This morning we depart Ceduna to make the 450km journey down to Port Lincoln. Having all day to complete this drive, we follow the path of Edward John Eyre and along the way visit many magnificent coastal towns and attractions to call into. These include Smoky Bay, Perlubie Beach, Streaky Bay, Murphy’s Haystacks, Talia Caves, the Great Ocean drive scenic route around Elliston and the Cummings Monument to name a few points of interest. Another genuine place of interest is Arts Ceduna, the premier Aboriginal Art Centre on Eyre Peninsula.

    There are some incredible pieces of arts here from paintings, lino prints & artifacts to books, ceramics, bush medicine and the artists themselves to kick off the day. A major highlight will be the scenic drive from Streaky Bay to Point Labatt, where we stop to view the Australian Sea-lion. Found in no other country in the world, the Australian sea-lion is one of Australia's most endangered marine mammals and rarest seals. Point Labatt is the only place on the mainland where Australian seal pups can be seen learning to swim, play and rest on the beach.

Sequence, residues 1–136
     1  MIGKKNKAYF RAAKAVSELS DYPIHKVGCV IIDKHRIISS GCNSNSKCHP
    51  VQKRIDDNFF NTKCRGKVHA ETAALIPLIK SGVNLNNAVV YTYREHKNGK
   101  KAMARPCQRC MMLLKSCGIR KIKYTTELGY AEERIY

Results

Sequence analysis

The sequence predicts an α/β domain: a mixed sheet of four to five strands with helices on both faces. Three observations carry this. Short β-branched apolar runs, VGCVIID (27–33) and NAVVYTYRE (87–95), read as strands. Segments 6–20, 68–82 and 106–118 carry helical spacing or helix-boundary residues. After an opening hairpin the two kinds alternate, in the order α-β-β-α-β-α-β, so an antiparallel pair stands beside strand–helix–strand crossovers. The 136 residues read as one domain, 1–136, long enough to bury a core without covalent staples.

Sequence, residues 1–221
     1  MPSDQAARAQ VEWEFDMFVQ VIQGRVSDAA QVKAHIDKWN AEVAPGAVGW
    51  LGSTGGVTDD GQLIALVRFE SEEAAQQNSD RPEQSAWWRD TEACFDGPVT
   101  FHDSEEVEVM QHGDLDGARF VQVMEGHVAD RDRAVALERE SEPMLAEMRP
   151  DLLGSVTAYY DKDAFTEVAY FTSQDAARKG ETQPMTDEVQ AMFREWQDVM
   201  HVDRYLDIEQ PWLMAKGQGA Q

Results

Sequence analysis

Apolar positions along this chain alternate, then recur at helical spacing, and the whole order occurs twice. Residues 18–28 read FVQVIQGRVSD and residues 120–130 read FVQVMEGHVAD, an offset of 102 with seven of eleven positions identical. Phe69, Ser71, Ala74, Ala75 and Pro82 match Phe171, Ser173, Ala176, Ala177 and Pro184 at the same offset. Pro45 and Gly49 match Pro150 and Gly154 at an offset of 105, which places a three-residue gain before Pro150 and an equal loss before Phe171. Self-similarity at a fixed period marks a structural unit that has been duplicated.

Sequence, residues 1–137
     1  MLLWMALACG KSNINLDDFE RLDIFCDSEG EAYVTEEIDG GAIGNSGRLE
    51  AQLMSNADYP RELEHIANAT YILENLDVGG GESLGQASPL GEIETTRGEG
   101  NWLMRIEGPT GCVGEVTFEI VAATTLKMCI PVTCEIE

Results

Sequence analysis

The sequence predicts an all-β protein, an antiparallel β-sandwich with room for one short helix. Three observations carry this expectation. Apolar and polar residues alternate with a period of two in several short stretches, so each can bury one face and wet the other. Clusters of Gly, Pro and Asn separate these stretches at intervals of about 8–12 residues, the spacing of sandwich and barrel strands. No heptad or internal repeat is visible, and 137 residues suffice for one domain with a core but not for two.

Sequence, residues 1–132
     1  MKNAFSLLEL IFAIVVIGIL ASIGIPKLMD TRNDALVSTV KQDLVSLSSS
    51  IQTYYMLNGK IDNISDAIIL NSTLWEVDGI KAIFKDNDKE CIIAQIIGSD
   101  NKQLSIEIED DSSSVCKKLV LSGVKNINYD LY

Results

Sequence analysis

It is also one of the few places in and around Australia where they are protected from land predators and which provides a safe environment for the sea-lion pups to develop. At Point Labatt, pups are born every eighteen months; mid-winter one year, then mid-summer the next. Pups weigh around 7kg at birth. They depend entirely on their mother’s milk for the first year. After that they start chasing and occasionally catching fish. At about four weeks of age, baby sea-lions take to the sea for the first time, sometimes with help from their mothers.

    Young sea- lions play and frolic in this aquatic reserve protected by the offshore reefs. From here we are back on the road to Murphy’s Haystacks, an outcrop of unique pink granite boulders, Murphy’s Haystacks is a great photo opportunity. These ancient winds worn granite inselbergs, huge rocks purported to be over 1500 million years old. Their appearance may be due to a combination of erosion by underground rainwater and then by subsequent weathering after they were exposed.